Lexical development and masked orthographic priming in the second language

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The fuzzy lexical representations (FLR) hypothesis proposes that form encoding of words in a second language (L2) is often fuzzy, and this concerns both phonological and orthographic representations. FLR occur because of difficulties in encoding of L2 word forms as well as insufficient L2 experience. The FLR hypothesis also suggests that fuzzy L2 orthographic representations are the reason for the weak lexical competition for orthographic neighbor prime-target pairs in the L2 that has been observed in previous research (e.g., Jiang, 2021). However, this hypothesis also assumes that as orthographic representations become robust along with learners’ L2 experience, L2 words are eventually able to take part in lexical competition just like first language (L1) words. The current study tests these hypotheses using the individual-differences measures of the quality (orthographic precision) and the quantity (vocabulary size) of orthographic representations. At the same time, this study explores the relationship between sound perception (word and phoneme identification) of nonnative contrasts (e.g., the /l/-/ɹ/ contrast for Korean L2 learners of English), phonolexical encoding, and form facilitation for minimal pairs with these contrasts.

A masked priming LDT was employed, in which minimal pairs with a nonnative phonological contrast (e.g., read-LEAD) and minimal pairs without a confusing phonological contrast (e.g., dear-TEAR) were used as the prime and target. Before the experiment, it was predicted that low-proficiency L2 speakers would show significant form facilitation under all prime conditions. On the other hand, medium-proficiency L2 speakers were expected to show evidence of emerging lexical competition (a null priming effect) for prime-target pairs without a difficult phonological contrast (e.g., dear-TEAR), although they would still show form facilitation for minimal pairs with a nonnative phonological contrast (e.g., read-LEAD). The facilitation for the latter pairs was predicted to occur because of less successful orthographic encoding of these pairs caused by fuzzy phonological representations of L2 words with difficult phonological contrasts. It was further expected that high-proficiency L2 speakers would show a nativelike pattern of form priming across all the prime conditions.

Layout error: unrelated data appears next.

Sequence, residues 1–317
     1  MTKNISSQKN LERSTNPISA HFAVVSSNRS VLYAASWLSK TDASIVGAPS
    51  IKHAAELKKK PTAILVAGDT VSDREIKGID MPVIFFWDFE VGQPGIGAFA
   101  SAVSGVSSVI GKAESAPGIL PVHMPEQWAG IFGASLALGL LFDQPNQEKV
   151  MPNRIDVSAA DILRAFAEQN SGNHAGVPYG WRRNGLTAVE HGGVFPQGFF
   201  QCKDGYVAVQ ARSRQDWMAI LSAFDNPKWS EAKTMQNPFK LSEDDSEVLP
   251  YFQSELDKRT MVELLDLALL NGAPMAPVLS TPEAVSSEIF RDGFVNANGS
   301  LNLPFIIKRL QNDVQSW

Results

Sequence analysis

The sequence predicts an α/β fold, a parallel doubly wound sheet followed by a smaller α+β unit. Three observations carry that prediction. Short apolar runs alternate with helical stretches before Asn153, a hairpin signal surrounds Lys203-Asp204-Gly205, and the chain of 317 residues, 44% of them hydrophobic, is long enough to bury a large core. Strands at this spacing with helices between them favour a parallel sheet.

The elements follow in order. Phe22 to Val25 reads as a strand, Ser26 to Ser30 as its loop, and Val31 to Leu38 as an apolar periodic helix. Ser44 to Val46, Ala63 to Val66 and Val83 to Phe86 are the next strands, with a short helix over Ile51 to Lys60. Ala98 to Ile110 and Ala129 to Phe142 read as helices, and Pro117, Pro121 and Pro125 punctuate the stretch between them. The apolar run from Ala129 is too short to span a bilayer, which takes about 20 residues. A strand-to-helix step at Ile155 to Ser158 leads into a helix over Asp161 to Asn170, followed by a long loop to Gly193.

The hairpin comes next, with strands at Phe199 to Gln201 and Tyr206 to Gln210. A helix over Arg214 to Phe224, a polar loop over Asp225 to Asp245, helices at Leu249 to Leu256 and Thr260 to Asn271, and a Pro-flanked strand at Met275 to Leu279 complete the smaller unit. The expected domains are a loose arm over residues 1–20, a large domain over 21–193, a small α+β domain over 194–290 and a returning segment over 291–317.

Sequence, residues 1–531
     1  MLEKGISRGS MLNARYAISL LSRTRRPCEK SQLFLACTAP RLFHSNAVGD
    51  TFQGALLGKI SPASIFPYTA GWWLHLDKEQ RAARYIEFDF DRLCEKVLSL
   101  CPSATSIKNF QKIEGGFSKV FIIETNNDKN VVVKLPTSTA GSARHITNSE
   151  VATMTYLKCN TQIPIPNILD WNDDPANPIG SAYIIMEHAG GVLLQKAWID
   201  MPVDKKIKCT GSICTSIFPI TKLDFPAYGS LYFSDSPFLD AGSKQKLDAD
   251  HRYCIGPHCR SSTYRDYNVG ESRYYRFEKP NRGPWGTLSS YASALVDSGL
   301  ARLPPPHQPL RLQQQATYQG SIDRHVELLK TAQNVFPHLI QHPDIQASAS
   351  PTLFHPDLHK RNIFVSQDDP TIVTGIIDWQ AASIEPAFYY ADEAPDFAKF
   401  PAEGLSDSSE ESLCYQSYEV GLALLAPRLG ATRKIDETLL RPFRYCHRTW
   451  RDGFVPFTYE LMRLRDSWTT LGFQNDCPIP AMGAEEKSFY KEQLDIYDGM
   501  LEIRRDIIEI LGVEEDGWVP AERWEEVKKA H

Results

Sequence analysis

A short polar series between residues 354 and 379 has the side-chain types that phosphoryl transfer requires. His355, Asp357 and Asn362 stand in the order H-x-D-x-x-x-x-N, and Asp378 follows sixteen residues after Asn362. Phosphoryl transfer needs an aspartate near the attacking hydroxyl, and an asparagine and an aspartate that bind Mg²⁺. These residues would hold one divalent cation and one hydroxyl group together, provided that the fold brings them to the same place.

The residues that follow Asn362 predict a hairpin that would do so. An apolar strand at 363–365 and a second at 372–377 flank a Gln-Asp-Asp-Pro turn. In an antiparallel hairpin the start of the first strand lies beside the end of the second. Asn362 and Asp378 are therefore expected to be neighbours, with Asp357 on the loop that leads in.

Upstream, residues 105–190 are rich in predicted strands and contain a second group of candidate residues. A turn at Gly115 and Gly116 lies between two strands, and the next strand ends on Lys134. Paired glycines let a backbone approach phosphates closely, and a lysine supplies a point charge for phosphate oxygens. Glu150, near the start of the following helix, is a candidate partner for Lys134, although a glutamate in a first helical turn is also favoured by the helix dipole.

Thirty L1 speakers and 90 L2 learners of English with a wide range of L2 proficiency were recruited for the experiment. In auditory word and phoneme identification tasks, L2 speakers showed less accurate identification of the /l/-/ɹ/ contrast compared to L1 speakers indicating that they indeed had problems in accurate sound perception and/or phonological categorization of the nonnative contrast as had been predicted.